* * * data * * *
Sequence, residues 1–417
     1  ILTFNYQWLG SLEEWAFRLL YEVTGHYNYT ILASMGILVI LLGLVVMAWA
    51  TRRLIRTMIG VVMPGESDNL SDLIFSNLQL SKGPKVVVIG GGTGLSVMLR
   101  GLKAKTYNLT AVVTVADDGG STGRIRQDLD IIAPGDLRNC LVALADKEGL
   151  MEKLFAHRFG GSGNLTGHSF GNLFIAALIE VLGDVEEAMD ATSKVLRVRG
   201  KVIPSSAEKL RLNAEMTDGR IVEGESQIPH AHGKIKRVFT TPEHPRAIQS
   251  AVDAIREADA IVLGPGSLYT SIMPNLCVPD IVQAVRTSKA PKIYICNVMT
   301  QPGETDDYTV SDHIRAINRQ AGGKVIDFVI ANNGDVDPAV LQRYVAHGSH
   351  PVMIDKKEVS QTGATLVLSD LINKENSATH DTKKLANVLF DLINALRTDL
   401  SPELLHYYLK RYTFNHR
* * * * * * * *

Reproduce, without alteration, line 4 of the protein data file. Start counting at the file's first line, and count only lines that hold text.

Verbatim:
   101  GLKAKTYNLT AVVTVADDGG STGRIRQDLD IIAPGDLRNC LVALADKEGL